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Specialized regulatory T cell stifles antibody production centers

26.07.2011
Discovery has potential implications for cancer, autoimmune disease

A regulatory T cell that expresses three specific genes shuts down the mass production of antibodies launched by the immune system to attack invaders, a team led by scientists at The University of Texas MD Anderson Cancer Center reported online in the journal Nature Medicine.

"Regulatory T cells prevent unwanted or exaggerated immune system responses, but the mechanism by which they accomplish this has been unclear," said paper senior author Chen Dong, Ph.D., professor in MD Anderson's Department of Immunology and director of the Center for Inflammation and Cancer.

"We've identified a molecular pathway that creates a specialized regulatory T cell, which suppresses the reaction of structures called germinal centers. This is where immune system T cells and B cells interact to swiftly produce large quantities of antibodies," Dong said.

The discovery of the germinal center off-switch, which comes two years after Dong and colleagues identified the mechanisms underlying a helper T cell that activates the centers, has potential implications for cancer and autoimmune diseases.

"In some types of cancer, the presence of many regulatory T cells is associated with poor prognosis," Dong said. "The theory is those cells suppress an immune system response in the tumor's microenvironment that otherwise might have attacked the cancer."

However, in B cell lymphomas, overproliferation and mutation of B cells are the problems, Dong said. Hitting the regulatory T cell off-switch might help against lymphomas and autoimmune diseases, while blocking it could permit an immune response against other cancers.

Antibody production central

Germinal centers are found in the lymph nodes and the spleen. They serve as gathering points for B and T cell lymphocytes, infection-fighting white blood cells.

When the adaptive immune system detects an invading bacterium or virus, B cells present a piece of the invader, an antigen, to T cells. The antigen converts a naïve T cell to a helper T cell that secretes cytokines, which help the B cells expand and differentiate into specialized antibodies to destroy the intruder.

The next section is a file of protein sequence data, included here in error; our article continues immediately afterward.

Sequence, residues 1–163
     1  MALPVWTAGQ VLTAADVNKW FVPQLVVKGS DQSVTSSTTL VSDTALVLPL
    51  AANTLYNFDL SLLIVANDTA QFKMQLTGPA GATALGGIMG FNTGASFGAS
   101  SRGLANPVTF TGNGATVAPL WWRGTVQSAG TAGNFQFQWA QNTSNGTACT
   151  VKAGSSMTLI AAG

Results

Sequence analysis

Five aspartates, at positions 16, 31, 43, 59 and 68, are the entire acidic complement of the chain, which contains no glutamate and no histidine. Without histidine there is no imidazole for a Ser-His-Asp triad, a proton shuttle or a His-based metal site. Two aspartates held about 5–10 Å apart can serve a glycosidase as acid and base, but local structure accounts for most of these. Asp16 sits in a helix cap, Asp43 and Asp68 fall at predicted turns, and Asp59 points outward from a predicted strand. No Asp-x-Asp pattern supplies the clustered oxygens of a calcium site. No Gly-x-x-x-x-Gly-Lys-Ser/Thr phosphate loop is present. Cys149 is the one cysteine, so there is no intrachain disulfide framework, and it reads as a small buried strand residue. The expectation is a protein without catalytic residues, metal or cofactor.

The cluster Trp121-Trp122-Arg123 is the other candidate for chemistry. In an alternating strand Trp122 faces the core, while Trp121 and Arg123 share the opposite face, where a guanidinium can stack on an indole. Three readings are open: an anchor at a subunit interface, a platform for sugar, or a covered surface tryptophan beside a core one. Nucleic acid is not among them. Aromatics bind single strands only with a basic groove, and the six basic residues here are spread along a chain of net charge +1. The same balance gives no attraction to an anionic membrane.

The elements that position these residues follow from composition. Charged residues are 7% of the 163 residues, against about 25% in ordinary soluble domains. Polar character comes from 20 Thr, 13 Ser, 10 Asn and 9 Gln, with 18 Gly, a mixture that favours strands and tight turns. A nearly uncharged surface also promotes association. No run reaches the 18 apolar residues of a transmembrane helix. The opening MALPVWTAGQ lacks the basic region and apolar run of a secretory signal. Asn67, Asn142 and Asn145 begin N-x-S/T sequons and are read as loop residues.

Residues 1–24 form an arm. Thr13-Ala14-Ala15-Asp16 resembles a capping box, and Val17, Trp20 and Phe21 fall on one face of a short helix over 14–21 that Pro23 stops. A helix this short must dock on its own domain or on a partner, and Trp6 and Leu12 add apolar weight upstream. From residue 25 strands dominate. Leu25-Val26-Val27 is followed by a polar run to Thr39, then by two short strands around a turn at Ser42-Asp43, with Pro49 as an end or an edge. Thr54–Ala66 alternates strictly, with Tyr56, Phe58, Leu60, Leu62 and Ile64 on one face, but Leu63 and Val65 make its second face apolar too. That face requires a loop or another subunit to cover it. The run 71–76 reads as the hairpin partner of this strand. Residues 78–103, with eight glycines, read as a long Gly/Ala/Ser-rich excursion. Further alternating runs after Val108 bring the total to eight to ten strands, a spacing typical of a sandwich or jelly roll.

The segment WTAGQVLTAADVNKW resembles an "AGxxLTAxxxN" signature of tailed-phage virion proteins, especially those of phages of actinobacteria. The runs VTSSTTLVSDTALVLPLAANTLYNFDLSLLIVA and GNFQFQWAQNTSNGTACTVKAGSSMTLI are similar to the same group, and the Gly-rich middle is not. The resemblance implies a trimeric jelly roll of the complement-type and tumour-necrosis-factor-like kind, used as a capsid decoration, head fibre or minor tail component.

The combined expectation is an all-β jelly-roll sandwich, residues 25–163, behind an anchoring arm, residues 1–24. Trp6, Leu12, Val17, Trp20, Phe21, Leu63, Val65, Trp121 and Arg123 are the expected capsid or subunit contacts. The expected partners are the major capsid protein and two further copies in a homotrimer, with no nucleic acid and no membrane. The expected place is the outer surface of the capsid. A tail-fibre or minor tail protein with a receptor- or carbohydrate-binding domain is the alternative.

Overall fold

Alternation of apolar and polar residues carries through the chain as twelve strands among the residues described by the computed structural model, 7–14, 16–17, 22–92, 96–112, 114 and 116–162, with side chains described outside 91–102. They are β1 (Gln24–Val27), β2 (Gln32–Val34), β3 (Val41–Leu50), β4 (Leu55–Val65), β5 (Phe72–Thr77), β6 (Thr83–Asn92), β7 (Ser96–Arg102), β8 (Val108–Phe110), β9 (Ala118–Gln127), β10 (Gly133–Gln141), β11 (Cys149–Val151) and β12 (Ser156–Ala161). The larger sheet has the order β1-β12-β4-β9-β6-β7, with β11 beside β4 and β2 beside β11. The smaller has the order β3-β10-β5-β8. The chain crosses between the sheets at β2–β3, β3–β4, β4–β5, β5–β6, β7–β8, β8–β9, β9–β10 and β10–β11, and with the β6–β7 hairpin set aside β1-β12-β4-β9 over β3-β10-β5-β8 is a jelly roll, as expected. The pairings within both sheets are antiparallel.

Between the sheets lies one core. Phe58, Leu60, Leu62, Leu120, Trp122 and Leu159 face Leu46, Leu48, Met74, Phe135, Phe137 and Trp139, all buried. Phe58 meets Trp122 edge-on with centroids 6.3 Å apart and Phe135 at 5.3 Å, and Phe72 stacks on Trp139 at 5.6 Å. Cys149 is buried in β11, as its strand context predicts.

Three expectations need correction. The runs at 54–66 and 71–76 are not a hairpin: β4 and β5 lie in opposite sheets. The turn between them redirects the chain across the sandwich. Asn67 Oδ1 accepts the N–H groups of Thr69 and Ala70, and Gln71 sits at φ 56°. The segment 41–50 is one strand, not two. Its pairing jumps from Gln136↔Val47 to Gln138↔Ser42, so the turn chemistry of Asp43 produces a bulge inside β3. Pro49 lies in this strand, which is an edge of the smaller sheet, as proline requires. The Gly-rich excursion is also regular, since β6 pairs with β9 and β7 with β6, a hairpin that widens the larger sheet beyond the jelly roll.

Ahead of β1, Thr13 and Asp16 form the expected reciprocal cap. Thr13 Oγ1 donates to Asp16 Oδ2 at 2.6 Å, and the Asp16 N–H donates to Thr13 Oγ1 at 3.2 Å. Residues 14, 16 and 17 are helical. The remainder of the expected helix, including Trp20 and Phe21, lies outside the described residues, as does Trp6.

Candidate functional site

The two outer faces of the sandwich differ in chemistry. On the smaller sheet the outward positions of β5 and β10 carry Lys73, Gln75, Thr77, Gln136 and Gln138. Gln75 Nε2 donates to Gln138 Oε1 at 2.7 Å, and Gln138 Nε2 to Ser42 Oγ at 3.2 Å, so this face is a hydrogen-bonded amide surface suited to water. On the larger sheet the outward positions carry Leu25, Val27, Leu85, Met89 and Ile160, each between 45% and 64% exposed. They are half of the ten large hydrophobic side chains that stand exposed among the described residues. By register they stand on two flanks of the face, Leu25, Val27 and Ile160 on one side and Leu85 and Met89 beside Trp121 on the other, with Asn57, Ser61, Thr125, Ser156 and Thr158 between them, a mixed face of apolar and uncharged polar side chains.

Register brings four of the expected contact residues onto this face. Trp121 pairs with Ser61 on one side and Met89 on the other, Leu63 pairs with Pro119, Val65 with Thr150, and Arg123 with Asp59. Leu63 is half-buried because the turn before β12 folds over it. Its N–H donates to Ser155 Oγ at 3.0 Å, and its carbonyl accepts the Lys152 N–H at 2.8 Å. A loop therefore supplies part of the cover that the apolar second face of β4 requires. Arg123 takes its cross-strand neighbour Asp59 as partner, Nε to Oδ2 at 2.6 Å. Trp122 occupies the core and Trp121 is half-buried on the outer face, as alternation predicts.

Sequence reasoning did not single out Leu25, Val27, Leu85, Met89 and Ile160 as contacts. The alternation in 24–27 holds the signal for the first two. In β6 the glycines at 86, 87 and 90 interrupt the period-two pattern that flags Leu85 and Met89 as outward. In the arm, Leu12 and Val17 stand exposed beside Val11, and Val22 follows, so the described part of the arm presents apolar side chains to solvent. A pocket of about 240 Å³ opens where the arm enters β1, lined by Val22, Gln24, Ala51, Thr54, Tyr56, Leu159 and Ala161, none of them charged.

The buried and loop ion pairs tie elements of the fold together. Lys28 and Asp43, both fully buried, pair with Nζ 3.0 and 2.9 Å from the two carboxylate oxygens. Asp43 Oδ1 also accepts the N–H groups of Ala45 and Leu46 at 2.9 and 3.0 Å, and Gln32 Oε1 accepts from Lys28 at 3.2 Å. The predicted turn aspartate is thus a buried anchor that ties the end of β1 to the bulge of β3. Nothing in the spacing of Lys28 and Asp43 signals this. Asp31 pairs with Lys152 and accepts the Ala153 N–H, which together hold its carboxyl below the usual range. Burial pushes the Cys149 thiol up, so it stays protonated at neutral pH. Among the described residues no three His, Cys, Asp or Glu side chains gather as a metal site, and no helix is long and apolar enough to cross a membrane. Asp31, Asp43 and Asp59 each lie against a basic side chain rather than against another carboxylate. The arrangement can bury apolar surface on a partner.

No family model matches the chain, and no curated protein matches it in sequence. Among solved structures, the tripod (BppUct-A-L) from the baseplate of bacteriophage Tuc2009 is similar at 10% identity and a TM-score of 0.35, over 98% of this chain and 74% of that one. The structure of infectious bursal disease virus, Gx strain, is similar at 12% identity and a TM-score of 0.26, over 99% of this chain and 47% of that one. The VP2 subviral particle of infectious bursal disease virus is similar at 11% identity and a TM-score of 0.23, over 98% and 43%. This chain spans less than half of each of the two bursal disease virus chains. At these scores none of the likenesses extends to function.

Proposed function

"Germinal centers have mostly B cells with a few helper T cells to regulate them. The B cells mutate to make high-affinity antibodies and memory B cells for long-term immunity. The cell population in the germinal center structures replicates in an average of several hours, one of the fastest rates of cell replication known in mammals," Dong said.

Tracking down specialized T cell

In the Nature Medicine paper, Dong and colleagues found that a subgroup of regulatory T cells that expresses two genes, Bcl-6 and CXCR5, moves into germinal centers in both mice and humans, where they have access to B cells.

(Bcl-6 produces a protein called a transcription factor, which moves into the cell nucleus to regulate other genes. CXCR5 is a receptor protein for a signaling molecule called CXCL13.)

They also found that the Bcl-6/CXCR5 T cells aren't produced in the thymus, with other T cells, but are generated by regulatory T cell precursor cells that express Foxp3, another transcription factor.

Knocking out the regulatory T cells that express all three proteins in mice resulted in increased germinal center production of antibodies. They named this key T cell the T follicular regulatory cell, or Tfr.

In a 2009 paper in the journal Science, the researchers found that naïve T cells that expressed Bcl-6 and CXCR5 also gathered in the B cell zone of germinal centers. Expression of Bcl6 converted the T cell into a T follicular helper (Tfh) cell that launches antibody production in the germinal centers.

With Tfr turning germinal centers off and Tfh turning them on, we could potentially regulate antibody production, Dong noted. Increasing Tfr production could be a new approach to treating autoimmune inflammatory disorders, such as lupus and rheumatoid arthritis.

The team's research was funded by grants from the National Institutes of Health, the Leukemia and Lymphoma Society, MD Anderson, the American Heart Association, Doris Duke Charitable Foundation Clinical Scientist Development Award and the China Ministry of Science and Technology Protein Science Key Research Project.

Co-authors with Dong are first author Yeonseok Chung, Ph.D., Shinya Tanaka, Ph.D., Roza Nurieva, Ph.D., Gustavo Martinez, Yi-Hong Wang and Joseph Reynolds, Ph.D., of MD Anderson's Department of Immunology and the Center for Cancer Immunology; Chung also is with The University of Texas Health Science Center at Houston Institute of Molecular Medicine; Seema Rawal and Sattva Neelapu, M.D., of MD Anderson's Department of Lymphoma and Myeloma, also of the Center for Cancer Immunology; and Ziao-hui Zhou, M.D., Hui-min Fan, M.D., and Zhong-ming Liu, M.D., of Shanghai Dong Fang Hospital, Shanghai, China.

About MD Anderson

The University of Texas MD Anderson Cancer Center in Houston ranks as one of the world's most respected centers focused on cancer patient care, research, education and prevention. MD Anderson is one of only 40 comprehensive cancer centers designated by the National Cancer Institute. For eight of the past 10 years, including 2011, MD Anderson has ranked No. 1 in cancer care in "America's Best Hospitals," a survey published annually in U.S. News & World Report.

Scott Merville | EurekAlert!
Further information:
http://www.mdanderson.org

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